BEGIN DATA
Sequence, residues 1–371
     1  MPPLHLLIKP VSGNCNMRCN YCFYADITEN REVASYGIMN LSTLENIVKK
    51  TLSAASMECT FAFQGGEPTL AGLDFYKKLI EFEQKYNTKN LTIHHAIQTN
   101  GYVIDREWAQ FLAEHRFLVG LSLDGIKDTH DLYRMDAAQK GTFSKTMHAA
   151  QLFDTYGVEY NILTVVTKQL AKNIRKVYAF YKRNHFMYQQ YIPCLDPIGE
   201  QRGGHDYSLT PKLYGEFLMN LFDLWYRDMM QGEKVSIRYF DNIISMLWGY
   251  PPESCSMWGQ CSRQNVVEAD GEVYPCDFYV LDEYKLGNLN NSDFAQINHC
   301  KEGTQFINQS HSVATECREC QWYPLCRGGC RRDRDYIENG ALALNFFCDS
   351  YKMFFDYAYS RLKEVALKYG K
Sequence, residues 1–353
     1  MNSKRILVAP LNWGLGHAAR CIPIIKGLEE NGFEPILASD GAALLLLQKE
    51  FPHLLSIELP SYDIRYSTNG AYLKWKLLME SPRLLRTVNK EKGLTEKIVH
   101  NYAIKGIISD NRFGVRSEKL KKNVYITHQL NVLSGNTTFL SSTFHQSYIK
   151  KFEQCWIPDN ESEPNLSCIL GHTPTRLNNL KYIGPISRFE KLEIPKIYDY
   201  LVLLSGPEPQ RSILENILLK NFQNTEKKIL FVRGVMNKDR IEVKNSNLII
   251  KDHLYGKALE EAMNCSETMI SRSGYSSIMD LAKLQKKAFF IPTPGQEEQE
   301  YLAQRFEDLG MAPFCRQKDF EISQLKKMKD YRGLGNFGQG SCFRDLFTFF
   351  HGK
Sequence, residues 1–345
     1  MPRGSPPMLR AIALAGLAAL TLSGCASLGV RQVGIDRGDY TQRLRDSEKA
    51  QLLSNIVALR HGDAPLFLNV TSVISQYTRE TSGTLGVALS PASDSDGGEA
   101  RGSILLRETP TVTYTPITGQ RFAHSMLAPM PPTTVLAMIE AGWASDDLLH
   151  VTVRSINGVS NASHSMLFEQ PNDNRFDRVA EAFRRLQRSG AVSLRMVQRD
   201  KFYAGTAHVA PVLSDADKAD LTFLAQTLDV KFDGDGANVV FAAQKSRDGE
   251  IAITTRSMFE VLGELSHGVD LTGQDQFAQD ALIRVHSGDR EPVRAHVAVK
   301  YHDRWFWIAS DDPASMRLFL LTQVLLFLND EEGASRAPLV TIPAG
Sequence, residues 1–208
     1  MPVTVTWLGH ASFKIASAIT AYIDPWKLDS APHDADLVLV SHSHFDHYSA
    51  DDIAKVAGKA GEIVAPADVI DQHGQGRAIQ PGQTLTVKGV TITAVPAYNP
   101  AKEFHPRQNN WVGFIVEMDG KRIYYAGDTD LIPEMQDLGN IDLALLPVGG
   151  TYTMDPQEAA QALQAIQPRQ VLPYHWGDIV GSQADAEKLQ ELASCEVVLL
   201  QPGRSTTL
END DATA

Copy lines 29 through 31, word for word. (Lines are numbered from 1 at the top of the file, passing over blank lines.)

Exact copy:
    51  DDIAKVAGKA GEIVAPADVI DQHGQGRAIQ PGQTLTVKGV TITAVPAYNP
   101  AKEFHPRQNN WVGFIVEMDG KRIYYAGDTD LIPEMQDLGN IDLALLPVGG
   151  TYTMDPQEAA QALQAIQPRQ VLPYHWGDIV GSQADAEKLQ ELASCEVVLL